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Automania/Repair and Maintenance

AUTO QUESTIONS AND ANSWERS FOR WEEK 39

by Bob Hagin

Q. We have a 1991 Mitsubishi Galant with a five-speed transmission and it has given us good service. Recently we had to have the clutch replaced after the car had gone over 100,000 miles. After this was done, a mechanic told me that I shouldn't be downshifting the car to slow down. He said that I should just come out of high gear, shift the transmission into neutral, and then use the brakes. He said that brakes are lots cheaper than having a clutch job done. Do you think this is the right thing to do? How long should a clutch last on one of today's modern cars?
J.C. Concord, CA

A. If you got over 100,000 miles on the original clutch, you didn't do badly. Clutch disk material is very much like the stuff that is used in brake pads and shoes, and it can take a lot of abuse. A clutch disk wears out pretty fast if you "slip" it during upshifts (first to second, second to third, etc.), but it isn't subjected to the same kind of strain in a downshift (fifth to fourth, forth to third, etc.) or "ride" the pedal by resting your foot on it. Brake jobs are indeed cheaper than clutch jobs and your brakes are well up to the job of slowing down your Mitsubishi at any speed without having to rely on rapid engine deceleration to help. Under normal conditions, a clutch should easily last 100,000 or more - unless a teen-ager is doing most of the driving.

Q. After going through the air conditioner system on my 1970 Pontiac Grand Prix, I found that the engine was overheating pretty badly. During the course of trying to fix the problem I replaced all the hoses, back-flushed the system twice using a chemical cooling system cleaner, replaced the thermostat, checked the ignition timing, replaced the radiator, replaced the intake manifold and carburetor gaskets, and replaced the heater core. Finally I removed the thermostat entirely. None of these cured the problem and the car now sits in my garage. Is it possible that the cooling passages are totally blocked?
R.V. Owings, MD

A. I've worked on some cars that have coolant passages so packed with debris that I had to remove their engines, dismantle them it down to the last nut and bolt dig the stuff out through their freeze plug holes. Before you engage is such drastic measures, pressurize the system with a cooling system pressure-tester. If the system and the radiator cap hold pressure, check for a blown head gasket or a crack in the cylinder heads or the block. Slight leakage of burning fuel being pushed into the cooling system from a combustion chamber could cause your overheating as you've described it. To check for a for a blown gasket or a block/head crack, I use a chemical dye-check "sniffer" kit that changes the color of the test fluid from green to yellow if combustion gases are getting into the cooling system. It's fool-proof. I assume that you've already checked to see if the fan is pulling enough air through the radiator.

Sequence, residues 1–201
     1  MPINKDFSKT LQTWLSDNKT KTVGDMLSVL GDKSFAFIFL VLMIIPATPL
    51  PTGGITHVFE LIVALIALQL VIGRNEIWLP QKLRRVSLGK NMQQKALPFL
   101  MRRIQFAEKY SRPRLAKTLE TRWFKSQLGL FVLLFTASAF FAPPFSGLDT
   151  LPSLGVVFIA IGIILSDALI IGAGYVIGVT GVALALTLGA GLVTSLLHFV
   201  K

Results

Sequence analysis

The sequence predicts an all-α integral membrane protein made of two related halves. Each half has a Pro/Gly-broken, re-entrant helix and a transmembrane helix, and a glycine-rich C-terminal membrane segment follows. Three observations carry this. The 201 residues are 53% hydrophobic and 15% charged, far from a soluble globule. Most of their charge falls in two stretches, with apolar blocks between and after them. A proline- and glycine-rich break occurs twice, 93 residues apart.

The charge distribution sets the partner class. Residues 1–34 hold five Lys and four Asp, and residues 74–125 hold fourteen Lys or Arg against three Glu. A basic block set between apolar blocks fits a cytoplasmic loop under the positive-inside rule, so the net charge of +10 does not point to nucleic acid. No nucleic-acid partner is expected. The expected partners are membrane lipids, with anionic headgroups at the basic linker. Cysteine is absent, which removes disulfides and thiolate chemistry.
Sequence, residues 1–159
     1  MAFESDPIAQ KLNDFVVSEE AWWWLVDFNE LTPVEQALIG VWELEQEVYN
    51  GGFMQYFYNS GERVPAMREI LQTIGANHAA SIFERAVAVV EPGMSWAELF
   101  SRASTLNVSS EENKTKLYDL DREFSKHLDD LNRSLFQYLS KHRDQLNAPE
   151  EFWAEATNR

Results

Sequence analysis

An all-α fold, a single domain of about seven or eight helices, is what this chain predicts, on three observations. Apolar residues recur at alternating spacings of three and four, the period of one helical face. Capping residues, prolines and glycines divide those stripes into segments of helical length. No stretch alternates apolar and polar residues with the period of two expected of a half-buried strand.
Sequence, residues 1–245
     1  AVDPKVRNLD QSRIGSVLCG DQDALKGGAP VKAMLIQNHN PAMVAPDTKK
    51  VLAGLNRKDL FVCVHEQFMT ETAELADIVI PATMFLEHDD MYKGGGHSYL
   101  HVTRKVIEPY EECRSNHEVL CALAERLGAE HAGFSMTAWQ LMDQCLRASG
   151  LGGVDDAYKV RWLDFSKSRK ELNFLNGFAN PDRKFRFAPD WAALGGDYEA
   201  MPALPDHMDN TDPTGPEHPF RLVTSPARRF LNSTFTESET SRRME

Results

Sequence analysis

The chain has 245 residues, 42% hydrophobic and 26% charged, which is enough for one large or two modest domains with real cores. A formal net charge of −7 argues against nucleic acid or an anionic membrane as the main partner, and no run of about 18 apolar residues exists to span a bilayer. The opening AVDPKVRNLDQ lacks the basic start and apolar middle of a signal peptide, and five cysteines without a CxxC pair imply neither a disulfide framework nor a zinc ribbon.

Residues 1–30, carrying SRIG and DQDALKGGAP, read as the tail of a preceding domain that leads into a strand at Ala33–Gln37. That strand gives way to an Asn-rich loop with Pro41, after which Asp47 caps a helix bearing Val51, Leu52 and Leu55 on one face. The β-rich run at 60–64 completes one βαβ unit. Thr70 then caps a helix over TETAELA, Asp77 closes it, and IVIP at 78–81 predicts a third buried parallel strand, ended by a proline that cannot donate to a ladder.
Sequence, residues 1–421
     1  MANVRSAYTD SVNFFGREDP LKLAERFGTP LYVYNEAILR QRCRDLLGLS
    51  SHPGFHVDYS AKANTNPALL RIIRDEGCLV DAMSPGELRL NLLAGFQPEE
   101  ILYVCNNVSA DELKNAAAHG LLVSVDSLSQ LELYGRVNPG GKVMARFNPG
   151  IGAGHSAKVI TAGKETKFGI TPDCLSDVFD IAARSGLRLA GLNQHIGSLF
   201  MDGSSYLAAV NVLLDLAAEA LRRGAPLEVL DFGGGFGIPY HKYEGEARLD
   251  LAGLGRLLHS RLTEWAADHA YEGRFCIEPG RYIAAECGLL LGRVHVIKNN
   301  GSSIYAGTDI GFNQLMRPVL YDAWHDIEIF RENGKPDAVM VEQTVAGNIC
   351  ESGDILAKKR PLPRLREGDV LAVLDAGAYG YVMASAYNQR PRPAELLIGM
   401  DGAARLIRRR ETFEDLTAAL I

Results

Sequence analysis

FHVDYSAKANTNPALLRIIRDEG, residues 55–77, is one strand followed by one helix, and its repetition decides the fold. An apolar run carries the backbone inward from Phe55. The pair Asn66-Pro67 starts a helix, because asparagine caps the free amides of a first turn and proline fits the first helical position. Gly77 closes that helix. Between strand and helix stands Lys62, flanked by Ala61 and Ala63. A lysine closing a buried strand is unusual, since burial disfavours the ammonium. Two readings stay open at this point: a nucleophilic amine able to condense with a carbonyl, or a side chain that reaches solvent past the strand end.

Q. My problem is poor fuel mileage (six to eight MPG) from my '86 GMC half ton pickup. I've had the four-barrel Q-jet carb rebuilt (including sealing the main discharge well plugs) and have taken it back to the shop seven times for analysis. I've rebuilt the distributor, replaced the spark plugs, wires, air and fuel filters (three times), and replaced the fuel pump. If I race the engine, it will blow out black smoke. If I let the truck idle for 10 to 15 minutes, it will billow black smoke for five to ten seconds after I get underway. This all started in January.
J.B. Ft.Wayne, IN

A. Black smoke at idle can only come from excess fuel entering the intake manifold. The causes can be a high float level (like a toilet bowl that keeps running), leaking main discharge tubes, blocked anti- siphon ports or high fuel pump pressure. Check all these (especially pump pressure), and then try another carburetor if all else fails.

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